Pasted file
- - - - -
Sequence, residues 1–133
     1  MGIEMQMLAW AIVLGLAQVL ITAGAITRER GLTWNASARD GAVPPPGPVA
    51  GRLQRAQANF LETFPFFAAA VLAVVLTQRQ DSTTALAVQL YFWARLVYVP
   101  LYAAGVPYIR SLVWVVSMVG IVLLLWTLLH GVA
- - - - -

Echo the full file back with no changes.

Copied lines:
Sequence, residues 1–133
     1  MGIEMQMLAW AIVLGLAQVL ITAGAITRER GLTWNASARD GAVPPPGPVA
    51  GRLQRAQANF LETFPFFAAA VLAVVLTQRQ DSTTALAVQL YFWARLVYVP
   101  LYAAGVPYIR SLVWVVSMVG IVLLLWTLLH GVA